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This is solid, good-n-sassy jazz guitar with a melodic-bent, fusion-driven flow. Gambale is know for his various approaches on his solo albums from smooth melodic jazz, to jazz fusion, to real scorching, shredded rockers and all points in-between. His playing is virtuoso, fully lyrical, phrasings to die for, technical wizardy, sweep picking mastery, speed, grace, and soul.
Being the critic I am, I will admit some Gambale releases just didn’t do it for me as his range of styles are wide but on this release he has excelled, grabbing honors and creating a deeply enjoyable listen. There are the mellow moments of ethereal chordal dream-fugues and also the fired-up cranked-wide rippings of guitar herein. Guitar lovers take note whether you rock, fuse, or jazz Gambale will delight most all this go round.
This release echoes the compositional bounce and joyful soul of Gambale’s 1980's era A Present For The Future , released by the defunct Legato label. Be sure to not miss the amazing bass work by Ric Fierabracci on each of the ten tracks. The general guitar soloing textures, sonic fill colorings, and well-utilized riff-edge of Gambale’s recent Show Me What You Can Do is another good reference point for you axe-heads. By the way, “Frank the Sweeper” throws in some sweet acoustic and Sitar guitar for a total spectrum of cool.
Enjoy this “10" out of a possible 10 as I have now for many, many listens. I have set this aside after several long intervals, only to pick it up again and find the joy all over again. Highest of recommendations. Grab this one. And hey, Steve Vai, thanks for letting Gambale do this one on your label! It is top-notch, class guitar.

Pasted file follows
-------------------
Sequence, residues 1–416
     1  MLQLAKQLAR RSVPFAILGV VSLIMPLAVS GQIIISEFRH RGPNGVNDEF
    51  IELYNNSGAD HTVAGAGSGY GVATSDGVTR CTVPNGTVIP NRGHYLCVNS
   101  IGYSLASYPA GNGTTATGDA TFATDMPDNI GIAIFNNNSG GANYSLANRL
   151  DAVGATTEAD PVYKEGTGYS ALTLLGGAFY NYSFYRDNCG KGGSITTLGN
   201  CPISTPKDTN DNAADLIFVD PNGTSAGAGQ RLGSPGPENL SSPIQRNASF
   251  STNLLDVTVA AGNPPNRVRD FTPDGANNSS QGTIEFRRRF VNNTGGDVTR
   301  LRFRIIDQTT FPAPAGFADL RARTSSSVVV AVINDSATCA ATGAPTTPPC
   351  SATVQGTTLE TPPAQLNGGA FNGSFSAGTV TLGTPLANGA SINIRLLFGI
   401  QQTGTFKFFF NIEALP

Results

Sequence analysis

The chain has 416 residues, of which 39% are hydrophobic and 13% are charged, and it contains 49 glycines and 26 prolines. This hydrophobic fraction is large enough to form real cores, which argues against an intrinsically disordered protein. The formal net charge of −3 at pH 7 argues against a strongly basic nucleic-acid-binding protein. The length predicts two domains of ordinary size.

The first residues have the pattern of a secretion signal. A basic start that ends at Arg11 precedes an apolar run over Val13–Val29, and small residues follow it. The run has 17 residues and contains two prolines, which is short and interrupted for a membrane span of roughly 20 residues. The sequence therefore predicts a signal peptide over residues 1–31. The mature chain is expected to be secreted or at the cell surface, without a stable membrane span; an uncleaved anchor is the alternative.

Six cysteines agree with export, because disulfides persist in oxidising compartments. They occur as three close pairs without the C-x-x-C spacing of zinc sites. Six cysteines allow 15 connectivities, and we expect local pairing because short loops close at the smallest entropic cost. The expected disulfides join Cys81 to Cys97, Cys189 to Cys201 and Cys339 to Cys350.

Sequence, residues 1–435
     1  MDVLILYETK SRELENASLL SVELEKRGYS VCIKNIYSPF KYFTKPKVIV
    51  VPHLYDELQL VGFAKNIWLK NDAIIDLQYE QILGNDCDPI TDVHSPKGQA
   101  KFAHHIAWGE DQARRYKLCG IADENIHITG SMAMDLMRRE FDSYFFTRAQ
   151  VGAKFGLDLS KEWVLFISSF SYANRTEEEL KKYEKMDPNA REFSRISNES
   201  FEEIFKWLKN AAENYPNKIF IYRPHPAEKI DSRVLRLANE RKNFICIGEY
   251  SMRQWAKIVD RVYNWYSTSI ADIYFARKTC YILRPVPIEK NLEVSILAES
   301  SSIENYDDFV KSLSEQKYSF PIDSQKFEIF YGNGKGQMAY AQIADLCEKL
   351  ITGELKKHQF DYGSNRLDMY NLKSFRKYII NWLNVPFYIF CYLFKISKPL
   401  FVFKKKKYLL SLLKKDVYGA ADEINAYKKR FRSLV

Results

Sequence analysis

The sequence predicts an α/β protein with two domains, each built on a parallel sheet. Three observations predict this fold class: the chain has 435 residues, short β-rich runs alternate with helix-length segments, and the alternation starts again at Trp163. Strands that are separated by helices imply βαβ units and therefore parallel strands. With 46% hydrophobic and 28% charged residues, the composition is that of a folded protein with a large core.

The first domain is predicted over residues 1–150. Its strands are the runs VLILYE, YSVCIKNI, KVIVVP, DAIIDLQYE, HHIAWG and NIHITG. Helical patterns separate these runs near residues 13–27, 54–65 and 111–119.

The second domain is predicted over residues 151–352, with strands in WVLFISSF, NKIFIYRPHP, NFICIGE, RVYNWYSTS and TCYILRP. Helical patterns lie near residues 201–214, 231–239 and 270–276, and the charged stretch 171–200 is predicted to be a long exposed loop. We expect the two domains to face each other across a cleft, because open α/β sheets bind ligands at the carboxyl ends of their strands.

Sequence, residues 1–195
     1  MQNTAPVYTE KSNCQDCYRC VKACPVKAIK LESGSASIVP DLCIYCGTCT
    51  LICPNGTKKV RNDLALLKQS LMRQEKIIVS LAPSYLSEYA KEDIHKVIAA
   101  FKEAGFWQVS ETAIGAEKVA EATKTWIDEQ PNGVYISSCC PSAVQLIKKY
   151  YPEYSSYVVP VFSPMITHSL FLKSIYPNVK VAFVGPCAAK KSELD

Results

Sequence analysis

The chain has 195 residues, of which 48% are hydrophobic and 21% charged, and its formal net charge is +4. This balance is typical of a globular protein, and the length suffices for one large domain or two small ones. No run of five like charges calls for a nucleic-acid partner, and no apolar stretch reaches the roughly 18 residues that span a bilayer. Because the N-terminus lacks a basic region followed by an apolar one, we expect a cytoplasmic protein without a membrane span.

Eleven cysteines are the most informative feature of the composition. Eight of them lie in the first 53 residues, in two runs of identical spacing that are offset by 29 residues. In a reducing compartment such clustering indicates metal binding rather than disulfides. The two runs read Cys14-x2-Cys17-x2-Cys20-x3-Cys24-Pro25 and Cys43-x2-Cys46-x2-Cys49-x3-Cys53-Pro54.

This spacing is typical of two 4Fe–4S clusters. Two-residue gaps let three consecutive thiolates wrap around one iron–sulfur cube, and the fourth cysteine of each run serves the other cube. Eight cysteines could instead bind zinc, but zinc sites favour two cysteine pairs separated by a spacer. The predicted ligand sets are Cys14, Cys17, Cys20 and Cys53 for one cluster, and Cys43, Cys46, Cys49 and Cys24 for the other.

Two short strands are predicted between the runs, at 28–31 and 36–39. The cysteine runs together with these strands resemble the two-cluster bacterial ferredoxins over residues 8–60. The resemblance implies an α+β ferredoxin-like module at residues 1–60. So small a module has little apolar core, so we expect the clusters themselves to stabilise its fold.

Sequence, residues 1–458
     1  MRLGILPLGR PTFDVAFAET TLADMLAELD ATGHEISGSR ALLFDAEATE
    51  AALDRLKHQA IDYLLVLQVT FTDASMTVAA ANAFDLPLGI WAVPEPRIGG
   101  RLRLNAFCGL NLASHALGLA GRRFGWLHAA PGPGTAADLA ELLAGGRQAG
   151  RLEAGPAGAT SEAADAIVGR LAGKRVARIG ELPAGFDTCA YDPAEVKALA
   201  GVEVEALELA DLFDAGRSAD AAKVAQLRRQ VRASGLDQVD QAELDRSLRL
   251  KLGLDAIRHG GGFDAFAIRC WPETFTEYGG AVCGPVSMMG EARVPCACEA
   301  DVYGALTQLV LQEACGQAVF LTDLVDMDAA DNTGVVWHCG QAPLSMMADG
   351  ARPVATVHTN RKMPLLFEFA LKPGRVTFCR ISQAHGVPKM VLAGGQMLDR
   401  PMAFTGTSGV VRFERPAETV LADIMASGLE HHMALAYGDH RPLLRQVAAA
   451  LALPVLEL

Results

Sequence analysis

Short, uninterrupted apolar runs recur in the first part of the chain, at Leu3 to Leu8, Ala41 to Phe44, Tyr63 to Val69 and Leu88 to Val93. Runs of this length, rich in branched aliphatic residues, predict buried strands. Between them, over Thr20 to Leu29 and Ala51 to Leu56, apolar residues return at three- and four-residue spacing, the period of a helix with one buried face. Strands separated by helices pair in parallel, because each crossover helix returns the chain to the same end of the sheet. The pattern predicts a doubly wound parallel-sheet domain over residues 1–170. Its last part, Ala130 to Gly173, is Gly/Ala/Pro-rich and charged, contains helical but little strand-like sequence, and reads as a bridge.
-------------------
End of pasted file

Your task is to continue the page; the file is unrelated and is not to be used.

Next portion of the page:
I was first exposed to jazz when I was studying at the University of Puerto Rico. Nearby, I found a little record shop where the music coming from the store (Taller de Jazz Don Pedro) made me stop. I walked down the short stairs and towards the music and learned that the music playing was Clifford Brown and Max Roach
I was first exposed to jazz when I was studying at the University of Puerto Rico. Nearby, I found a little record shop where the music coming from the store (Taller de Jazz Don Pedro) made me stop. I walked down the short stairs and towards the music and learned that the music playing was Clifford Brown and Max Roach. I fell in love with it. I wondered around until the owner (Pedro Soto) asked if I needed help. He then introduced me to John Coltrane, Miles Davis, Gerry Mulligan and the rest is history. I walked out of the store with my first jazz recording: Clifford Brown and Max Roach at Basin Street.